A Federal Reserve program that buys bonds to spur economic growth could begin tapering off soon. The stock markets' reaction shows how important 'quantitative easing' became.
Investors around the world are having trouble digesting the latest message from the Federal Reserve – that an era of extraordinarily easy money may start to wind down as early as this fall.
The Dow Jones Industrial Average was down about 290 points (nearly 2 percent) in mid-day trading Thursday. Stock prices in Europe and Asia were down even more – about 3 percent in Germany and Hong Kong, for example.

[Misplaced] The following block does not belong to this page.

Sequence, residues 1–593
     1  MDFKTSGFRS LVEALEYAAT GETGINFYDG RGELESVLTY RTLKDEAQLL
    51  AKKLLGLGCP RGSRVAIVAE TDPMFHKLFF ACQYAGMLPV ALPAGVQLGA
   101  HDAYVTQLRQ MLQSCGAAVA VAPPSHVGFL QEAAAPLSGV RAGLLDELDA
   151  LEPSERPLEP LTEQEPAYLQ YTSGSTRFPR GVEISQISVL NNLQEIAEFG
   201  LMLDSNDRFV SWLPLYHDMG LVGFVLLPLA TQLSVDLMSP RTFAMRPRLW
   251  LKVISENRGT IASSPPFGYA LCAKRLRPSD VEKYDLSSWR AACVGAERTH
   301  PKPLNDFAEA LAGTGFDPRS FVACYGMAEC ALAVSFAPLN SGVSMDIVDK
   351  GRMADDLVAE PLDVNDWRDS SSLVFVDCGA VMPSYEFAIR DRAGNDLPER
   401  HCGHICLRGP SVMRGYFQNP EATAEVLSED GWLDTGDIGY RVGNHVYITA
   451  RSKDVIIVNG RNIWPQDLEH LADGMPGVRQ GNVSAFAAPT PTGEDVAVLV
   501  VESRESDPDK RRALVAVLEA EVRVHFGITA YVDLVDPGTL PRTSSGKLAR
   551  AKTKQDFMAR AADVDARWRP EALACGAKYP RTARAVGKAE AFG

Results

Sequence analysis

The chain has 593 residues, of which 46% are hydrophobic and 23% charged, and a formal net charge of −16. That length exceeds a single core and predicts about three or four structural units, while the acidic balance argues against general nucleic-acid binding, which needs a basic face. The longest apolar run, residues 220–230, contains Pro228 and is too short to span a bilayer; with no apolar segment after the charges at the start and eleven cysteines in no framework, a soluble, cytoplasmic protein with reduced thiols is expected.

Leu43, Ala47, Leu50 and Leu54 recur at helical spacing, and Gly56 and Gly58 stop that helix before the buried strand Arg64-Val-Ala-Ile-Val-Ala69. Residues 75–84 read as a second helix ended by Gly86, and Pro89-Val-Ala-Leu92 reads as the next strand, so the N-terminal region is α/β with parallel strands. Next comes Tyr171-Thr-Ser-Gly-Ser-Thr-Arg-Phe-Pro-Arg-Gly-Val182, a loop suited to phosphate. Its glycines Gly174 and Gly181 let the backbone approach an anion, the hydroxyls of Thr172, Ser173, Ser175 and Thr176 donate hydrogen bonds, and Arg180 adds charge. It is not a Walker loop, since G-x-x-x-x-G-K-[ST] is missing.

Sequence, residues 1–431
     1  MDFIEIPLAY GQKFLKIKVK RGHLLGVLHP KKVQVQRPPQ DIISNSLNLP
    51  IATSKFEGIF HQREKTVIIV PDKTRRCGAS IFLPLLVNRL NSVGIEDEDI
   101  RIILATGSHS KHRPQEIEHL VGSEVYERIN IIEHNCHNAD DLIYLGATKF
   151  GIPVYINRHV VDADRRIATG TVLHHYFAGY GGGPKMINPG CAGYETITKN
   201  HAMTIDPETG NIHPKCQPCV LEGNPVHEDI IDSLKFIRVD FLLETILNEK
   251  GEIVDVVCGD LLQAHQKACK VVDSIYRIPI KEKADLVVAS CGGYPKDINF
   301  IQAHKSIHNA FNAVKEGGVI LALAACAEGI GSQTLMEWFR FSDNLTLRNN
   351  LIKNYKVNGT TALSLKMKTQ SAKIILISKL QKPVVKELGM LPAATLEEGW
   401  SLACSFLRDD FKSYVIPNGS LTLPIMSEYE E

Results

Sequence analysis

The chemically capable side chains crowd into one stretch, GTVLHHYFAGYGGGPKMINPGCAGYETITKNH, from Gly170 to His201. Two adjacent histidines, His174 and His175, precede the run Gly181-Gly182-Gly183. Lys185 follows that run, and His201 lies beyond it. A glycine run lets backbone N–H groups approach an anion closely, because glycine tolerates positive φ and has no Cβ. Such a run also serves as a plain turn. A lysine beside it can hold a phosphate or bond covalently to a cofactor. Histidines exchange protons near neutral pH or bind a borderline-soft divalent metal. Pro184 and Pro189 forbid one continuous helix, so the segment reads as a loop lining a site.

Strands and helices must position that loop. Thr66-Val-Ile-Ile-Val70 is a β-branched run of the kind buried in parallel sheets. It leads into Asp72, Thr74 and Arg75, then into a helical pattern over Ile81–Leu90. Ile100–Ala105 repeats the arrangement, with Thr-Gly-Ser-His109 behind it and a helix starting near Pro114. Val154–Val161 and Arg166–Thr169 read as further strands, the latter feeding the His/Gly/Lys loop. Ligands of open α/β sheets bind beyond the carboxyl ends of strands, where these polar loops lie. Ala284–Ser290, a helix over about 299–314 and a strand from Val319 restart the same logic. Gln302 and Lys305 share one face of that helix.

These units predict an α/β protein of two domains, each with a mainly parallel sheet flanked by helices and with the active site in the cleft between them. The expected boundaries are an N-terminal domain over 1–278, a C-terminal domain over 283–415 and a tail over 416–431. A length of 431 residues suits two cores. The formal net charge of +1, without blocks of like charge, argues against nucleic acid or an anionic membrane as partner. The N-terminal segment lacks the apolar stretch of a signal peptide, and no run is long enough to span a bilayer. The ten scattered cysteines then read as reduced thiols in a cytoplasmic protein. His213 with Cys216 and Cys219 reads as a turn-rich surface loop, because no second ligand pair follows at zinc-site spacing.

Treasury bond prices fell also, pushing the interest rate on 10-year Treasury notes to 2.4 percent. That’s a big jump since mid-May, when that rate was below 2 percent.
Chalk it all up to “taper talk,” the growing realization in financial markets that the Federal Reserve may soon slow the pace of its bond-buying campaign known as “quantitative easing.” The so-called QE effort, coupled with ultra-low short-term interest rates, are twin Fed policies designed to spur economic recovery since the financial crisis of 2008 and 2009.
Together, they have increased the supply of money and credit available to businesses and consumers. The near-zero short-term rates have helped hard-hit banks get back on their feet, while the bond-buying program has put downward pressure on long-term interest rates – including for mortgages.